• Providers have the right offer and incentives to get youth into sustainable work, progress through education or at work.
  • Customers are informed and able to make the right decisions for themselves or their businesses in full knowledge of the options available and the opportunities that they will open up.
  • Employers feel that that they have confidence in the system to provide them with the skilled people that they need; are aware of what the skills offer is; and are part of the process that will influence what is provided
  • Providers operate in a competitive commercial setting and there is no longer an incentive for some providers to promote and provide courses that secure the highest take up and pay the highest rates rather than address the greatest need or deliver the most economic needs.
where are we now
Where are we now...
  • Fantastic examples of world class provision and employer-led training.
  • The freedoms and flexibilities introduced means that providers across the system have been freed from regulations and bureaucracy to respond to employers and individuals needs (e.g. Employer Ownership of Skills fund)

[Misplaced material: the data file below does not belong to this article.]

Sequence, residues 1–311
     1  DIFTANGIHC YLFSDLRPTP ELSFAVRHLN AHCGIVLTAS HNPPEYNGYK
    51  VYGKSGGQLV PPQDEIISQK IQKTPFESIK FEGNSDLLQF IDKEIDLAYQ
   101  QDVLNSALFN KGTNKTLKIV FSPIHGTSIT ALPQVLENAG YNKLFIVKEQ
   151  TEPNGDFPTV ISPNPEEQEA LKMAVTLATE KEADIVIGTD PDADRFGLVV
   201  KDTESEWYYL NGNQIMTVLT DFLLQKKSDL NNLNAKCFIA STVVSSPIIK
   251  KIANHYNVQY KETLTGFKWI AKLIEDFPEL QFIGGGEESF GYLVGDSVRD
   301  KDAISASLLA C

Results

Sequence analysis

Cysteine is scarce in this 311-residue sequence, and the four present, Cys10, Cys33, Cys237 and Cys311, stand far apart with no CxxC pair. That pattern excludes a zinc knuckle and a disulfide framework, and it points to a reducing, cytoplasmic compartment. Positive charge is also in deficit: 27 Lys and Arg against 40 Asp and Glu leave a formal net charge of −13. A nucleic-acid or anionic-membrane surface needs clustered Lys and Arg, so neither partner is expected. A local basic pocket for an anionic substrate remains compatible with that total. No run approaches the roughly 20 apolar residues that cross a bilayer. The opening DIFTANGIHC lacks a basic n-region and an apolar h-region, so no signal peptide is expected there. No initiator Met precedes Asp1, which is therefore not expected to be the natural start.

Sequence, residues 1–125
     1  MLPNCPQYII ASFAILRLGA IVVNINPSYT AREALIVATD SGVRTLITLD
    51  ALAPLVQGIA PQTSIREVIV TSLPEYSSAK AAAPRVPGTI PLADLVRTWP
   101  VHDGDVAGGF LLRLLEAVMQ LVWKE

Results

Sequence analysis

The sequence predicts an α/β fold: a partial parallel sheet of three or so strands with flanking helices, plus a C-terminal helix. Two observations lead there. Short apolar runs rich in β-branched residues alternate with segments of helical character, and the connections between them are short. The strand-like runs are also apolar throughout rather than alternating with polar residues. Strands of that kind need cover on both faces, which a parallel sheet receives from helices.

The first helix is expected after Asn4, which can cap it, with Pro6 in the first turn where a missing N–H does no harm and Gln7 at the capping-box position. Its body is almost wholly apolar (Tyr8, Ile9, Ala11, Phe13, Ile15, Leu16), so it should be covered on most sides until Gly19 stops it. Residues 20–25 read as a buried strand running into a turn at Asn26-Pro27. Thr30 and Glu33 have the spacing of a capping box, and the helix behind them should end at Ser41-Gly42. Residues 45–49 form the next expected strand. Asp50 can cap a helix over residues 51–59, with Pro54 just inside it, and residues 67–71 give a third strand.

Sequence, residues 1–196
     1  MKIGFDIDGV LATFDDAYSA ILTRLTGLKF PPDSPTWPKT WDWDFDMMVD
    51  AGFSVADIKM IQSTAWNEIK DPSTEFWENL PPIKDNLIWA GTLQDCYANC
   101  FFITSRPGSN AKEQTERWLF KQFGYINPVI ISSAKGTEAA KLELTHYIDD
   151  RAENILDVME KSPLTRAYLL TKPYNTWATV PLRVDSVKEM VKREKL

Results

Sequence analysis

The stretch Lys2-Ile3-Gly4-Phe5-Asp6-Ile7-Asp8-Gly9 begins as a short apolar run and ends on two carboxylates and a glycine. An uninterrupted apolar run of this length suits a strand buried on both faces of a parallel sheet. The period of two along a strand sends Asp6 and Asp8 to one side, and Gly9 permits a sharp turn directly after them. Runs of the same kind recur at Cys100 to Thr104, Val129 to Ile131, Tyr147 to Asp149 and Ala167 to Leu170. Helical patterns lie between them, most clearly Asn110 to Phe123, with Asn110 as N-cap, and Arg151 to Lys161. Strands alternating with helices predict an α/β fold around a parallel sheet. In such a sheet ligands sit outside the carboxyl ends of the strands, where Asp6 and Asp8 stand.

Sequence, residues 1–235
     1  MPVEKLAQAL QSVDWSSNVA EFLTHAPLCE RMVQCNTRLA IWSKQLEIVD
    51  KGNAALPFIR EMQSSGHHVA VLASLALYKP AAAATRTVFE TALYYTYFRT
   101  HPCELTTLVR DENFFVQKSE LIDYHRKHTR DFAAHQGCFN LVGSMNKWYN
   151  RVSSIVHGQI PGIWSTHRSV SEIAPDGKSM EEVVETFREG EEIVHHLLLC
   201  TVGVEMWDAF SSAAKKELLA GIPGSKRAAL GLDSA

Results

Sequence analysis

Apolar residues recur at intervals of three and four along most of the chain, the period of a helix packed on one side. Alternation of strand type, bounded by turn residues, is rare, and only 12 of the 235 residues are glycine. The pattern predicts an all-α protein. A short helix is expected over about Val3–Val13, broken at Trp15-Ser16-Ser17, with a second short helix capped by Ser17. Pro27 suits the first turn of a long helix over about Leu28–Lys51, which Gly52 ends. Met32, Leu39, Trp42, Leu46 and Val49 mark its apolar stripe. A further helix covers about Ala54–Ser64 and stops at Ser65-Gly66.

• But
  • Some courses have little employer backing, that fail to prepare the learner for work or add value to the economy.
  • There is duplication of provision, poor performance of contracts, limited oversight of how delivery meets the needs of employers and individuals
  • Significant disconnect between the skills we produce and the skills we need.
  • Promise of greater local influence yet little has been delivered.
future direction
Future direction...
  • Embed employment and skills at the heart of all commissioning and delivery and demonstrate the impact of provision on sustained employment and career progression, by:
  • Increasing the proportion of providers’ funding allocation that recognises success in this area;
  • Extending the rate at which sustainable employment or career progression is be measured;
  • Promoting the introduction of outcome incentive payments across specific sectors that are determined and agreed locally;
  • Applying outcome incentive payments across all post-16 vocational learning; in concert with the rollout of Raised Participation Age.